Corey Stewart makes a point during a Virginia senatorial debate. (Katherine Frey/The Washington Post)

Republican Corey Stewart, who lost the 2018 U.S. Senate race to Sen. Tim Kaine (D.-Va.), announced Tuesday during the State of the County address that he would not seek a fourth term as chairman of the Prince William Board of County Supervisors and that he would not run for any other office.

The Washington Post reported Stewart, 50, is leaving politics “for the foreseeable future,” saying the job of overseeing Virginia’s second-most populous county in particular “just isn’t exciting for me anymore.”

This move is significant given Stewart’s relatively recent high-profile role in the state’s Republican Party. At one point during the 2016 election, he was the Virginia chairman of the Trump campaign.

Since losing his Senate race during the 2018 midterm elections, Stewart said he will stay away from politics in the state “until and unless the Commonwealth is ready for my views on things, and that’s not right now, clearly.”

Clearly, indeed.

It was Stewart’s views on cultural issues — specifically those related to his desire to protect the state’s Confederate monuments — that put him in the national spotlight. His popularity with the far right and with conservatives uncomfortable with the state’s liberalization trend almost helped him capture the governor’s seat in 2017.

The Post reported:

Stewart was saddled by controversies over having associated with right-wing extremists such as Paul Nehlen and Jason Kessler, who supported his calls to preserve Confederate monuments. Stewart said he cut those ties after learning about the racist beliefs each man harbored.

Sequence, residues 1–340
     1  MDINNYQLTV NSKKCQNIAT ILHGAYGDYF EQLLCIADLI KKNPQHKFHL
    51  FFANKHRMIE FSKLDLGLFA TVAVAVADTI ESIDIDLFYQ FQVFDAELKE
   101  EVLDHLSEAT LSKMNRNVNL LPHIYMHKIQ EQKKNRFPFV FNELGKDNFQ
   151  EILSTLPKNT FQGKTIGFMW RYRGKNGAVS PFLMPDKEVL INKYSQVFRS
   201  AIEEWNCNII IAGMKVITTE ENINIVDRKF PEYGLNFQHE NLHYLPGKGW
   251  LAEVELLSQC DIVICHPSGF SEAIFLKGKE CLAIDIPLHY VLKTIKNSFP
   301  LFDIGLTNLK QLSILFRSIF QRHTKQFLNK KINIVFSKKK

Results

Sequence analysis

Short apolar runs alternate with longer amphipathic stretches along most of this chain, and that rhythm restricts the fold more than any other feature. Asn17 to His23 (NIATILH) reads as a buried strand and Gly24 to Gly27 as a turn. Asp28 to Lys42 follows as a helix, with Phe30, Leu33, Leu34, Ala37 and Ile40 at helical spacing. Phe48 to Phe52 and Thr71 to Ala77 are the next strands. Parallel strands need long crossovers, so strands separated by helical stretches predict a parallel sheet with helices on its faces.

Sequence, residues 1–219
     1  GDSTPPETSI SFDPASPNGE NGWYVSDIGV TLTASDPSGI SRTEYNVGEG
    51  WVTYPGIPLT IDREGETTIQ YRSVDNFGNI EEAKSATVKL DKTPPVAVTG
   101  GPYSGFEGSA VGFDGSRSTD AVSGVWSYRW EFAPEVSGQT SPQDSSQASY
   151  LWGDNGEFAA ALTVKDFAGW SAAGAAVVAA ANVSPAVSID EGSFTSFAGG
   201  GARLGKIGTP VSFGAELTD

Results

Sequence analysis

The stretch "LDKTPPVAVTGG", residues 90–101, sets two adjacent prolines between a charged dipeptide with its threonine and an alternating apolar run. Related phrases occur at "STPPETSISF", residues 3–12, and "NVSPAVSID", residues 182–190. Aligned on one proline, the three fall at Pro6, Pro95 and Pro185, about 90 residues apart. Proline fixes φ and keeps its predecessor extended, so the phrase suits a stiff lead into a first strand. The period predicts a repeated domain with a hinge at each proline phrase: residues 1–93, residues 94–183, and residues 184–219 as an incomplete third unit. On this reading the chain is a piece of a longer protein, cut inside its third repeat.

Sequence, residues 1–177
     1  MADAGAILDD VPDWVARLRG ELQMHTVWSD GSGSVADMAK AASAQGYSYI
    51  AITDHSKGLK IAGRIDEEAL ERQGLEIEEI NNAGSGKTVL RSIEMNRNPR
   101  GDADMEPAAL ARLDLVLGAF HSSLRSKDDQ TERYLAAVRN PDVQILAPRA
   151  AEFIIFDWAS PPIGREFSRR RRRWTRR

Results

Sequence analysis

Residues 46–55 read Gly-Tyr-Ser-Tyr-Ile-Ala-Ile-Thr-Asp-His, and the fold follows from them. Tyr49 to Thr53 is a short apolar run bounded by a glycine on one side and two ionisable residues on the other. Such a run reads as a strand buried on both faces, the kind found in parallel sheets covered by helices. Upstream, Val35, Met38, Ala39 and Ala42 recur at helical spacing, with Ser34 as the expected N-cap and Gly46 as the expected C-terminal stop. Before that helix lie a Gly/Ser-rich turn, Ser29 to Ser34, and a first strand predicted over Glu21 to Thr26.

But their interactions, plus racist social media posts from Stewart advisers during the Senate campaign, led to charges that Stewart harbors white supremacist views, which he emphatically denies.

Stewart’s political exit has some suggesting that there is no room for worldviews largely considered racist and xenophobic in the state that once housed the capital of the Confederacy.

Lisa Woolfork, an English professor at the University of Virginia, told The Fix that Stewart’s announcement should not be misinterpreted. After all, 63 percent of white men and 49 percent of white women voted for him when he ran for governor.

Woolfork, an organizer with Black Lives Matter Charlottesville, also said Stewart’s politics still seem prevalent in how state leaders are responding to the Confederate monument issue. “Stewart’s racism and aggressive neo-Confederate views are tangibly present here in Charlottesville,” she said.

“The Virginia state legislature refuses to advance a bill that would allow Charlottesville to remove these racist statues and heal from the trauma they caused in our community," she added. “The combination of legislative apathy and aggressive litigation suggest that Cory Stewart’s racism is alive and well in Charlottesville and the state of Virginia.”

Democrats have scored some big victories in Virginia in the last few elections — Barack Obama won the state twice, and Hillary Clinton won in 2016. It may not be solidly blue yet. But Stewart’s recent departure makes clear that Virginians may not be as interested in the far-right politics as it once seemed.